Understanding Nutrition Behaviours of Women with Gestational Diabetes

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Hui, Amy Leung
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Gestational Diabetes (GDM) is considered a high-risk pregnancy. Nutrition management plays a critical role in GDM management. How women with GDM make food choice decisions and how they follow dietary advice have not been fully investigated especially how stress and anxiety during a GDM pregnancy influence dietary management. This study used a mixed methods approach. Qualitative and quantitative data were collected concurrently and analysed together to answer research questions on factors that affected women with GDM at 26-38 gestational weeks in making food choice decisions, the stress and anxiety that they experienced, and the barriers that they encountered when following dietary advice. The results showed: 1. Despite of the dietary recommendations from the healthcare professionals, food choice decisions were still strongly influenced by individual factors such as personal food preference, cravings, and hunger. Women sought information from different sources to adapt to the dietary changes, especially when the health services information provided was too general, and when some of the dietary advice conflicted with their eating habits. Difficulties in dealing with cravings, food portion size, hunger, and eating out led to a sense of decreased control and to stress and frustration. 2. The GDM diagnosis triggered stress in some women. Women who were on insulin were more likely to experience dietary management related stress compared to the ones on diet treatment only. Anxiety was explained as the fear of the macrosomia and labor complications. These kinds of fear could be aggravated by abnormal blood glucose readings and hence triggered some emotional breakdown and coping actions. 3. Underlying beliefs such as behavioural, normative, and self-efficacy beliefs can produce barriers to following dietary advice. Other factors such as environmental constraints and lack of knowledge added more challenges to following dietary advice. Quick adaptation to dietary management in a short time period was not easy for women with first time diagnosed GDM and created emotional distress, often leading to unhealthy dietary coping strategies. The above results concluded that women with first time diagnosed GDM faced challenges of quick adaptation of dietary behavioral changes in a limited time frame. These challenges were rooted in the expected health behavior changes that are often in conflict with the individual’s behavioral, normative, and self-efficacy beliefs. Stress and anxiety generated in the process of GDM management sometimes led to altered dietary behaviors to cope with blood glucose control.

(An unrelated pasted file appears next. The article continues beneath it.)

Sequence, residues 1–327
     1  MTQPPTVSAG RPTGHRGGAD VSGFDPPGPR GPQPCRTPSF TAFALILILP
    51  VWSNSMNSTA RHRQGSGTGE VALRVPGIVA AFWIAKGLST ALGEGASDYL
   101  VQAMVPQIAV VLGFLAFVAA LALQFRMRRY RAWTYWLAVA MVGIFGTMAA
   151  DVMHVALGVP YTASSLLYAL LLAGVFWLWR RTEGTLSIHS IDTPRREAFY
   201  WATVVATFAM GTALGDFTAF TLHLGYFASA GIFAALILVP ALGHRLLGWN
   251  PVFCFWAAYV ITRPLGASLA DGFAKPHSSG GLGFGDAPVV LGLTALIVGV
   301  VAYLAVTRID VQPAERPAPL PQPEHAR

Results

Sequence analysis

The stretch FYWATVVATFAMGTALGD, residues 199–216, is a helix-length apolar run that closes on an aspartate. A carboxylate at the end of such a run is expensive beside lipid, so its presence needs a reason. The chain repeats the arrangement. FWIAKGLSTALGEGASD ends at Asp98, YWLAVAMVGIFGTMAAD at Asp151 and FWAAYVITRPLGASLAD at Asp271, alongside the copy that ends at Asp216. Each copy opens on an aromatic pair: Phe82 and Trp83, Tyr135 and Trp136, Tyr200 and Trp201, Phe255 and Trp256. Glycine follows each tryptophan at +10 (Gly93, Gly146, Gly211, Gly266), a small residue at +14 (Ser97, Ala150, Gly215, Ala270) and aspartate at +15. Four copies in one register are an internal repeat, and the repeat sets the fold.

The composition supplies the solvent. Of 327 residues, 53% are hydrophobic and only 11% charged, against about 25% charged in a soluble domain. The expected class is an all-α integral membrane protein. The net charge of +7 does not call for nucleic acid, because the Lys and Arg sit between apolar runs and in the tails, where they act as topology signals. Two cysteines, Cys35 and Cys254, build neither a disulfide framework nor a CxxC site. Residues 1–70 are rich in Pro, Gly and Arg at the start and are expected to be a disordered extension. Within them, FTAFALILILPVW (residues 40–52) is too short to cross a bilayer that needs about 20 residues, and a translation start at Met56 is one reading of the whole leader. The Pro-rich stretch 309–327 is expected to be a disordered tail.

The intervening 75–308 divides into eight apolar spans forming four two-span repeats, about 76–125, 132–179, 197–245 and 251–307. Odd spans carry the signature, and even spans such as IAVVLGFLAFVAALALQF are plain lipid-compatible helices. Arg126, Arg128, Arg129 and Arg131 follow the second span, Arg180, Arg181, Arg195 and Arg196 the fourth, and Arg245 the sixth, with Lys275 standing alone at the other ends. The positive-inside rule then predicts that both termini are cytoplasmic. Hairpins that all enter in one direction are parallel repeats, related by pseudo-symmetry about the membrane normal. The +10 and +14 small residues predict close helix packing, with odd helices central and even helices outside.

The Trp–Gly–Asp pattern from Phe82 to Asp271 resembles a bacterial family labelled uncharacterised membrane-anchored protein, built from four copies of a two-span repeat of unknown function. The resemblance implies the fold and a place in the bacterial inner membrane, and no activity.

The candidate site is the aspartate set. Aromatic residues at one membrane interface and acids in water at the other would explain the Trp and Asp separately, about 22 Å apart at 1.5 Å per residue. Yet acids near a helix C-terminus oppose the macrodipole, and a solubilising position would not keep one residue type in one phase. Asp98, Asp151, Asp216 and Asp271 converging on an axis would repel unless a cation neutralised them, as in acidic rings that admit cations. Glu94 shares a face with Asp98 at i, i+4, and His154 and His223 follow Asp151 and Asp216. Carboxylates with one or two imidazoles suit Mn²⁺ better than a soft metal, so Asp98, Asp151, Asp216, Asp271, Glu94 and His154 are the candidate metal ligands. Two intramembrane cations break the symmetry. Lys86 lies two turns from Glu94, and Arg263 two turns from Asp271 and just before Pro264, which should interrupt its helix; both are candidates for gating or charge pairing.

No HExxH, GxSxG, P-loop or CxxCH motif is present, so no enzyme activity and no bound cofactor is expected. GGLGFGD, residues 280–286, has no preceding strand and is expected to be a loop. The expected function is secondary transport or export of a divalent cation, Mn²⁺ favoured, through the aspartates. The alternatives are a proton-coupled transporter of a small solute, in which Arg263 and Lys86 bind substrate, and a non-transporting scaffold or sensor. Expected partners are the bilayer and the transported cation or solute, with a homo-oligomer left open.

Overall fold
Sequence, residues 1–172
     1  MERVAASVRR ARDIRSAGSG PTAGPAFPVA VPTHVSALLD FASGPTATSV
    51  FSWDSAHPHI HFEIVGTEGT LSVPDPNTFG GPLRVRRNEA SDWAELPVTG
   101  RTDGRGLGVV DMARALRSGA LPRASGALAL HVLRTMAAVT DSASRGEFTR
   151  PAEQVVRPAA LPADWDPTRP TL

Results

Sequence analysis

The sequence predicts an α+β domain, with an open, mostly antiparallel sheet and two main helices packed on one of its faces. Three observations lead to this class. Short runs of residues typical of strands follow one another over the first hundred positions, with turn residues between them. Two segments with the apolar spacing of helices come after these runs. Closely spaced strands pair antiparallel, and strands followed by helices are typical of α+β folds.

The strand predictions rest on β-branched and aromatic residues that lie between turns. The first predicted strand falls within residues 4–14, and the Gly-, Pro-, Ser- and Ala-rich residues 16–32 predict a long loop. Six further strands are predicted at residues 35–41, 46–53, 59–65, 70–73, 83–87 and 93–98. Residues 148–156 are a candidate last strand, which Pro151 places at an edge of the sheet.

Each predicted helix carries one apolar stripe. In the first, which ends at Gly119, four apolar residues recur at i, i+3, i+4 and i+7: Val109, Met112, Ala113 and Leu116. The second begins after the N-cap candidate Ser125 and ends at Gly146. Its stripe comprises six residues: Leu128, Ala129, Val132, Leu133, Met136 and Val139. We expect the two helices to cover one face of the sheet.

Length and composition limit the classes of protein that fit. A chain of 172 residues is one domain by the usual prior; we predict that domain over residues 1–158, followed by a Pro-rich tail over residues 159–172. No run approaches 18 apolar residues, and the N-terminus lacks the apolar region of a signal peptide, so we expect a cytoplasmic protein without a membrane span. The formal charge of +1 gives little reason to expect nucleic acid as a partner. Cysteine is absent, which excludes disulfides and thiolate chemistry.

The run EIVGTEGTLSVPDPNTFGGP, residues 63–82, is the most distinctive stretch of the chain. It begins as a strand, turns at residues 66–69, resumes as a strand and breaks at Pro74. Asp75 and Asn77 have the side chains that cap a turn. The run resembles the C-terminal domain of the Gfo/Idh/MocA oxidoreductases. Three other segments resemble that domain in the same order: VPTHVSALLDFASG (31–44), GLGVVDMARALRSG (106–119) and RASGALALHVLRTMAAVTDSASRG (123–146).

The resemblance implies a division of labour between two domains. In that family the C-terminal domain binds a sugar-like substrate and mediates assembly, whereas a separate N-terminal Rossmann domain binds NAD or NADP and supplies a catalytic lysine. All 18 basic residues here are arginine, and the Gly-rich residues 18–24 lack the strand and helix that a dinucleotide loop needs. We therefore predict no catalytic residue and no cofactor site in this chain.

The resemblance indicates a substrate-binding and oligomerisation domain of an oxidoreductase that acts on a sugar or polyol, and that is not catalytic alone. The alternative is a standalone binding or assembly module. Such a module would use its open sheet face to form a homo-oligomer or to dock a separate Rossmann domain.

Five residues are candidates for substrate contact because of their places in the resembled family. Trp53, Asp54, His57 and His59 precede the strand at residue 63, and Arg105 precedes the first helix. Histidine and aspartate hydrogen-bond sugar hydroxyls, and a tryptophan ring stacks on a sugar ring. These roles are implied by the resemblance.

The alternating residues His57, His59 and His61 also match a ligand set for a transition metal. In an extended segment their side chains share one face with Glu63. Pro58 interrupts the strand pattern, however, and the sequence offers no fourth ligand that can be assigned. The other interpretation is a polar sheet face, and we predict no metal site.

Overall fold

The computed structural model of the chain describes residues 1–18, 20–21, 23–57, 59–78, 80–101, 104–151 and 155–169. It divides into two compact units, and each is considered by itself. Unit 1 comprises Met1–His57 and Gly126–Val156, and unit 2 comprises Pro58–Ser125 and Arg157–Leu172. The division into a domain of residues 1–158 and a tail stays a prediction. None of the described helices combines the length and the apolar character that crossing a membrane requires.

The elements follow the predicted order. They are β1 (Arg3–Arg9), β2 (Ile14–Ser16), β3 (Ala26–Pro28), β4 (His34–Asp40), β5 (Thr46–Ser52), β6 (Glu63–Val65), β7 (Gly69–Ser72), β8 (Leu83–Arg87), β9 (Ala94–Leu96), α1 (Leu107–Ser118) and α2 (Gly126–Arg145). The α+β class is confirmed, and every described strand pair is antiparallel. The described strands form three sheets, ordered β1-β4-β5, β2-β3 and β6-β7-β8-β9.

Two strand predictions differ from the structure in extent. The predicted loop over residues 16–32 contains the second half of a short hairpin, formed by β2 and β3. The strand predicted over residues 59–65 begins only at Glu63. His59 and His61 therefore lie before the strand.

Nutrition, Gestational Diabetes